8. Second and 15, 31;  :18. Moss is in the slot left with Davis again to his inside. The Bucs are in press coverage and Moss has a corner on him. But Brandon McDonald doesn’t jam Moss, which enables Davis to slip between them for a screen and create room for Moss to gain yards after the catch. He tacks on three more for a gain of seven. Billy Cundiff needed every yard to keep the ball inside the uprights.

Key for Griffin: Another easy throw as Moss is open. They needed to get in better field goal range and this accomplished the goal. With Cundiff struggling on the day, it would have been easy for Griffin to take a shot or force a pass to get even closer. But this gave Cundiff a makeable kick.

9. And on the eighth play, Griffin rested.

 

NOTES

…Griffin was hit 13 times, or 15 fewer than a week ago. Of those 13 hits, Griffin was drilled maybe four times. He was hit after he threw five times and was sacked twice. He ran the ball seven times — three on quarterback draws, three on scrambles and only once out of the zone read/option game.

…Griffin lined up under center 26 times (excluding the spiked ball late in the game), completing six of nine passes for 114 yards. He would have had two more attempts, but pass interference was called twice, nullifying the play (once on the Bucs for 32 yards, once on the Redskins). One of his incompletions occurred when receiver Leonard Hankerson slipped on the turf. As you would expect, every pass came off some sort of play-action (there was one bootleg).

…One play that resulted in a sack should please the coaches – to a degree.  Now, maybe they’ll think Griffin could have done something else with the play or unloaded the pass earlier. However, remember the Bears game this summer? Griffin was chased up in the pocket on one occasion and tried to make something out of nothing – he didn’t have a good sense of the pocket, started to run then kept his eyes upfield hoping a big play developed. Instead, he was hit and fumbled. Sunday, he took the snap in pistol formation as the Bucs blitzed two to his right. No one blocked safety Mark Barron. Griffin pump-faked to Hankerson and the right end dropped into coverage, taking away Fred Davis. After the pump, and feeling the pressure, Griffin took off running. He didn’t linger at all and was tackled for a two-yard loss. It could have been much worse.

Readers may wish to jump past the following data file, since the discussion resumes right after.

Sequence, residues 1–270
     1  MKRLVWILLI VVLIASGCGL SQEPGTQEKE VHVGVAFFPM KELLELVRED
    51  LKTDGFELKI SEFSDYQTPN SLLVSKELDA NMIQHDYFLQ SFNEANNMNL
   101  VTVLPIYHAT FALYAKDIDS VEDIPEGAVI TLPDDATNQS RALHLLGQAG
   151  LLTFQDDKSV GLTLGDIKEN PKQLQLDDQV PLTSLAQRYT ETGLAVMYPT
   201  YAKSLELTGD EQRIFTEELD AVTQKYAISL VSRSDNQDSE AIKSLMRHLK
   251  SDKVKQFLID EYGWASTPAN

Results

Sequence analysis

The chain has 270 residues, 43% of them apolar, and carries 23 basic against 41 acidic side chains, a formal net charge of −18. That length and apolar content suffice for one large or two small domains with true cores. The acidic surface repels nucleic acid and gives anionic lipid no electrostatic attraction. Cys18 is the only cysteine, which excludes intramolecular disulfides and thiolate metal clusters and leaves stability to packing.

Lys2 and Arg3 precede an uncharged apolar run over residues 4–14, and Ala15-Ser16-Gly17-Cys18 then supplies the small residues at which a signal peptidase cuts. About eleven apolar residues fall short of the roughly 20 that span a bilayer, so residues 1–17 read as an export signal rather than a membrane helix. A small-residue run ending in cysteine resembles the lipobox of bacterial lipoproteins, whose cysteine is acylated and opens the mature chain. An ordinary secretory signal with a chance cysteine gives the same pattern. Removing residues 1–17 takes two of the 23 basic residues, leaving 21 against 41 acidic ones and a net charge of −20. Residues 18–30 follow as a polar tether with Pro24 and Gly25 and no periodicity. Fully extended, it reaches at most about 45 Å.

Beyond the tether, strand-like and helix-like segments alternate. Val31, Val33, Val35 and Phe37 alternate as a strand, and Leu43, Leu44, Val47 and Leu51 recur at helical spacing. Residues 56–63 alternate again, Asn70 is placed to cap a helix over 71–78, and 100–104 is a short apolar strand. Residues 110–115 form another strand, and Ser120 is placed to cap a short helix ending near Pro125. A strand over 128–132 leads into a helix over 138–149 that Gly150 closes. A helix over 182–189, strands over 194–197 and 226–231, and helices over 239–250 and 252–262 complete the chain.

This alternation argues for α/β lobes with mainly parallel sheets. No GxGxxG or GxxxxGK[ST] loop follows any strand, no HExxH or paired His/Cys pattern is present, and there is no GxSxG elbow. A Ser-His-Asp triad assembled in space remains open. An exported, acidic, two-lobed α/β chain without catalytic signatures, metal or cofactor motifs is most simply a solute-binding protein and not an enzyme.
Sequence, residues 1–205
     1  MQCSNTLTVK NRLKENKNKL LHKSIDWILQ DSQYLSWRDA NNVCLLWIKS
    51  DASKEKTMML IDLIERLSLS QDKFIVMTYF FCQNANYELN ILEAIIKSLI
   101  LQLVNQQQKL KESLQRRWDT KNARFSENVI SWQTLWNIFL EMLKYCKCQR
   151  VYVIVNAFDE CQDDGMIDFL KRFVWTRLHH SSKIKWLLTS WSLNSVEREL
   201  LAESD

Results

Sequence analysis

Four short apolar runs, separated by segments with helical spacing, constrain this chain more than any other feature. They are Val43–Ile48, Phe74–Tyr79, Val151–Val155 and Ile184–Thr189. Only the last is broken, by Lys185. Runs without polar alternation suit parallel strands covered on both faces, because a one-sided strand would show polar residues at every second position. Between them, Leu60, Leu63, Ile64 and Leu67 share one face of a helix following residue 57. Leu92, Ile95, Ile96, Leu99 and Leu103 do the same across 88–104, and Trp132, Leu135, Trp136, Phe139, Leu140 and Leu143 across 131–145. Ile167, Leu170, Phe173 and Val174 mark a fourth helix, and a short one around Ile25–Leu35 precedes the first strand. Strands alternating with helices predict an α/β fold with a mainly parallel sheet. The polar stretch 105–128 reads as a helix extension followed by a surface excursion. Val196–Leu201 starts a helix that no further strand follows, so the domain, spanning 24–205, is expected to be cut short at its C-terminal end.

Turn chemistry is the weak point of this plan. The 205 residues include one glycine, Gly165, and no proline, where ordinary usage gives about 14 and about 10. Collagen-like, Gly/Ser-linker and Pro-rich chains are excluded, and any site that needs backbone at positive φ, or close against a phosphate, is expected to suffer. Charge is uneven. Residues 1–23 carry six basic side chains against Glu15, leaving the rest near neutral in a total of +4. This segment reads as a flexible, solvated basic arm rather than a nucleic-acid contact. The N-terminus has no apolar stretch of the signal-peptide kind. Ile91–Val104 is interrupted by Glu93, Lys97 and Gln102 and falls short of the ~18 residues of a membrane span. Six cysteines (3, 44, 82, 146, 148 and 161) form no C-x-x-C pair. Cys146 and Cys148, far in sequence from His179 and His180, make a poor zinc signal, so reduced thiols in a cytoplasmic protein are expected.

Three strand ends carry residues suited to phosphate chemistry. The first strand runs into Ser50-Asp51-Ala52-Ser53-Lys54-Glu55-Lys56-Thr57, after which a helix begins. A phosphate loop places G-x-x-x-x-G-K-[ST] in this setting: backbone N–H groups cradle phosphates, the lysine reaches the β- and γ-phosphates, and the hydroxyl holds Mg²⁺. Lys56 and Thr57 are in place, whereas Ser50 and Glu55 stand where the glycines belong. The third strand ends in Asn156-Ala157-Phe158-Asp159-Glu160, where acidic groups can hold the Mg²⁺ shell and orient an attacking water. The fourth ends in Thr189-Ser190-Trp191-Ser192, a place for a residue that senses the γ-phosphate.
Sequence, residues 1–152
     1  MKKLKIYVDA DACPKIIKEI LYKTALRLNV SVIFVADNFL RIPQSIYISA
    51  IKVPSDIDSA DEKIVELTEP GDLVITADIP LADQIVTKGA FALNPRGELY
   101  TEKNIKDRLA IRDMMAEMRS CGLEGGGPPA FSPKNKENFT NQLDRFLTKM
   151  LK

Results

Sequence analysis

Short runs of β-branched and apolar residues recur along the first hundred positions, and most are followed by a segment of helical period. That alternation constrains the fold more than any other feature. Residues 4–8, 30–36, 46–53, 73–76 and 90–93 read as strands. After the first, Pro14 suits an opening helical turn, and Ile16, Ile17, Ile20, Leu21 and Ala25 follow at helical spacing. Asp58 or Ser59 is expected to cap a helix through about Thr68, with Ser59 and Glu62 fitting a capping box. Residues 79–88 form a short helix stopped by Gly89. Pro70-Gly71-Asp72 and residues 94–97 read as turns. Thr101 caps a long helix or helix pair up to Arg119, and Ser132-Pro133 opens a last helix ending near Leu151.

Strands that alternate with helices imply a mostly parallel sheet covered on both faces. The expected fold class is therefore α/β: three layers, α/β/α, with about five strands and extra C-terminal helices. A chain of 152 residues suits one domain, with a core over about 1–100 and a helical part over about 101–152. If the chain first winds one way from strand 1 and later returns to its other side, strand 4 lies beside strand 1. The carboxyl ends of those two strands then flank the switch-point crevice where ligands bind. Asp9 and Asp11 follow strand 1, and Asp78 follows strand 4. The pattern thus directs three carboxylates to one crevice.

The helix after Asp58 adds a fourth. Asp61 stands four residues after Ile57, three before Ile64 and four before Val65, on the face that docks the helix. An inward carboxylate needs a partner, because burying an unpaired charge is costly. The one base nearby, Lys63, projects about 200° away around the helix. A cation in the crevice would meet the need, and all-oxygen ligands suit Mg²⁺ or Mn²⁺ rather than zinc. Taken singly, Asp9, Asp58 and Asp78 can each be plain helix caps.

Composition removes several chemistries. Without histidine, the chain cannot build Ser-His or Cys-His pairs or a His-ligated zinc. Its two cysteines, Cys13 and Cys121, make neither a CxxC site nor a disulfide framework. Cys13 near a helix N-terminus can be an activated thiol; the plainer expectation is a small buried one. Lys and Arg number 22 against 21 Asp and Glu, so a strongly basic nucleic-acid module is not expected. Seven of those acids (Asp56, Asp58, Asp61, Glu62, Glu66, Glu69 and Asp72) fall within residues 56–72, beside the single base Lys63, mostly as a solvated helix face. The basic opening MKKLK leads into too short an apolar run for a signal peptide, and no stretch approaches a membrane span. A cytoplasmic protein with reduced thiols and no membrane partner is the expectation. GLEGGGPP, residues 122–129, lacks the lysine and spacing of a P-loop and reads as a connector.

…Griffin could have pitched the ball sooner on the triple option to the left when Barron tackled him and was called for unsportsmanlike conduct. Of course, then the Redskins wouldn’t have gotten a free 15 yards. Regardless, Barron had blitzed and was waiting for him. Griffin wasn’t going to get anything out of the play. Had Barron not left it up to the officials, this play would have left the Redskins in a hole. The other thing I’ll say is that because of where the play started (at the Redskins’ 10) Griffin avoided potential disaster with a pitch.

…Griffin was very patient on a 26-yard screen pass to Davis with Bennett rushing at him. Griffin waited until the last possible moment as a tackle on that side was right in front of Davis. Because Griffin waited another half-second, the path to Davis cleared. Griffin jumped as he threw and Bennett hit him.

…I also liked how he stood in against another blitz (on the play in which Leonard Hankerson fell as he cut). The Bucs rushed both linebackers (in nickel coverage) through the middle. Griffin saw this and left guard Kory Lichtensteiger slowed it as much as he could, but it was one against two. Griffin waited until Hankerson cut and threw on target. Griffin, perhaps, could have thrown it a split second earlier, but there was little wrong that he did on the play and wasn’t intimidated by the rush.

…Griffin’s worst throw of the game occurred early in the fourth quarter. Disaster was barely avoided. He dropped back in shotgun, looked left middle and right and threw from the left hash to the right numbers without being able to step into the throw. Three Bucs defenders were near the target, Santana Moss (who would not have picked up the first down), and there was nearly a diving interception. Griffin has been smart on third downs and in this case he got lucky. It was a third and 12 situation (with eight in coverage) and for the most part this season Griffin has been smart in these situations: get a quick checkdown if your first target isn’t open, pick up positive yards and live for the next series.

 

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Author:

John Keim

Staff Reporter - Washington Redskins
The Washington Examiner